Stoudemire scored 25 points but also had five turnovers for the Knicks, who've lost four in a row. The 6-foot-6 Hayes is 4 inches shorter than Stoudemire, but carefully studied his tendencies on video to get ready for the matchup.
It paid off, especially in the fourth quarter, when Stoudemire went 3-for-8 from the field and lost the ball to Hayes on consecutive possessions.
"It doesn't matter who it is, my preparation will always help me going into a game," Hayes said. "I watch film. Not only do I watch film, but I watch a lot of basketball. I've watched him play and I understand what he's good at. I just had to make it tough for him."
Stoudemire went 11-for-21 from the field and attempted only six free throws, making three.
"He did a good job out there," Stoudemire said of Hayes. "He does a great job of creating contact and then being able to strip the ball."
The Rockets had developed a recent pattern of blowing fourth-quarter leads at home, but now they've held off opponents' rallies for two straight games.
"No use in bringing it up," forward Shane Battier said. "We just wanted to stay solid and continue to do the things we'd done for three quarters."
The Knicks shot 42 percent (35-of-83), scored only 39 points after halftime and were held almost 19 points under their league-leading scoring average (107.5 per game).
New York looks for Stoudemire inside on almost every possession, and Hayes was relieved when the Knicks started looking for other options in the final quarter.
"They started to drift away from him a little bit, and I needed a break," Hayes said. "He's such a great player, he's such a hard guard. When every play is designed for him, and you've got that call to match up against him, you better bring your lunch pail."
The Rockets shot 22 percent from 3-point range over their previous four home games, but went 4-for-8 from beyond the arc in the first quarter to build a 36-27 lead.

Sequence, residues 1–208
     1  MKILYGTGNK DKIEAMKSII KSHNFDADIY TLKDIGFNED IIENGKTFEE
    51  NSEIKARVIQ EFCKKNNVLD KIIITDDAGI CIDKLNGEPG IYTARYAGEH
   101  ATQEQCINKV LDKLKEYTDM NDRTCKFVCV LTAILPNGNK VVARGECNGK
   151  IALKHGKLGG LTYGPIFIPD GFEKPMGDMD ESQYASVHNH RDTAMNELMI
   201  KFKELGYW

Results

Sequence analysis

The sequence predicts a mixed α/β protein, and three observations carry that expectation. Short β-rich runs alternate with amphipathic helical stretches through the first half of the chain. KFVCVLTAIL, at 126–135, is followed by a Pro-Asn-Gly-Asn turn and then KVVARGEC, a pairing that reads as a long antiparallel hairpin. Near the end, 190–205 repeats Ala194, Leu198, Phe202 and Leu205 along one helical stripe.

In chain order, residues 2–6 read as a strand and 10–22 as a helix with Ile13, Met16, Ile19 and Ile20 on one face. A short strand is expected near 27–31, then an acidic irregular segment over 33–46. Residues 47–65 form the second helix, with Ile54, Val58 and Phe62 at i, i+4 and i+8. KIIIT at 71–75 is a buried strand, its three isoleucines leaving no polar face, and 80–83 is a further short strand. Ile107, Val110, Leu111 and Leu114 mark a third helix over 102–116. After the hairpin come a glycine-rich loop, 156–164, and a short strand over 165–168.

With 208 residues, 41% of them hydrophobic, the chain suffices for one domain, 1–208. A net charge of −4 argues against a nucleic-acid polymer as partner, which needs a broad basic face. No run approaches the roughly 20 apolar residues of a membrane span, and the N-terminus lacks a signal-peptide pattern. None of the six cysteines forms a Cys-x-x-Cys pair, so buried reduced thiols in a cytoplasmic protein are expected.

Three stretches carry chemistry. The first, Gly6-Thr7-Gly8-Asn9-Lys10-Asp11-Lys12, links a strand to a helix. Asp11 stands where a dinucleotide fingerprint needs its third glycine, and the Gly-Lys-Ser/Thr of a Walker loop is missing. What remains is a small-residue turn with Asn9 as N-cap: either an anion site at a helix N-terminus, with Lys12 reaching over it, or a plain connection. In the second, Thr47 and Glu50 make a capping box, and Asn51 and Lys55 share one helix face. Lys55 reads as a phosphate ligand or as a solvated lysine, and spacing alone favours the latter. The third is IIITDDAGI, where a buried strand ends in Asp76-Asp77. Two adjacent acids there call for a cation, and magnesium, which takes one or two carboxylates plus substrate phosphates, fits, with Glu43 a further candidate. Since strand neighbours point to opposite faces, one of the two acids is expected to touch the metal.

Houston's reserves stretched the lead to 14 after the Knicks missed seven of their first eight shots in the second quarter. But after the crisp start, Houston missed seven of its next eight 3-point attempts, and New York went on a 10-2 run to cut the deficit to 45-39.
Houston's starters returned and built the lead to 60-50 by halftime. The Knicks went 4-for-13 from 3-point range in the first half.
The Rockets' 3-point shooting tapered off in the third quarter, but they preserved a healthy lead by attacking inside. Houston scored 14 points in the paint in the first eight minutes of the period and led by nine.
"We didn't bring the effort defensively, from the start," Stoudemire said. "They pretty much got what they wanted."
Houston had a double-digit lead in the fourth quarter for the fifth time in its past six home games. But Toney Douglas opened the period with a drive, and Danilo Gallinari and Douglas hit consecutive 3s to quickly pull New York within five.
Budinger and Brooks scored on drives to stall New York's surge. Stoudemire coughed up back-to-back turnovers to Hayes, and Martin's 3-pointer from the corner -- his first of the game in nine attempts -- put Houston up 96-83 with 5:30 left.
Knicks coach Mike D'Antoni was surprised to hear that Nets owner Mikhail Prokhorov pulled out of his pursuit of Carmelo Anthony, but said he doesn't think it affects his team. "They do their business, we do our business," D'Antoni said. Anthony's reported preference is to play for the Knicks, but they've been unable to put together a package that rivaled the one the Nets offered Denver. "It doesn't matter if I'm concerned or not," D'Antoni said. "We do our business, we go. That's on one side, and basketball's on the other. We stick on the basketball side and we do everything we can to make us a winner every night and see what happens." ... The Rockets reached 60 points in a half for the 16th time this season. ... Stoudemire has scored at least 20 points in 26 consecutive games, the third-longest streak in franchise history.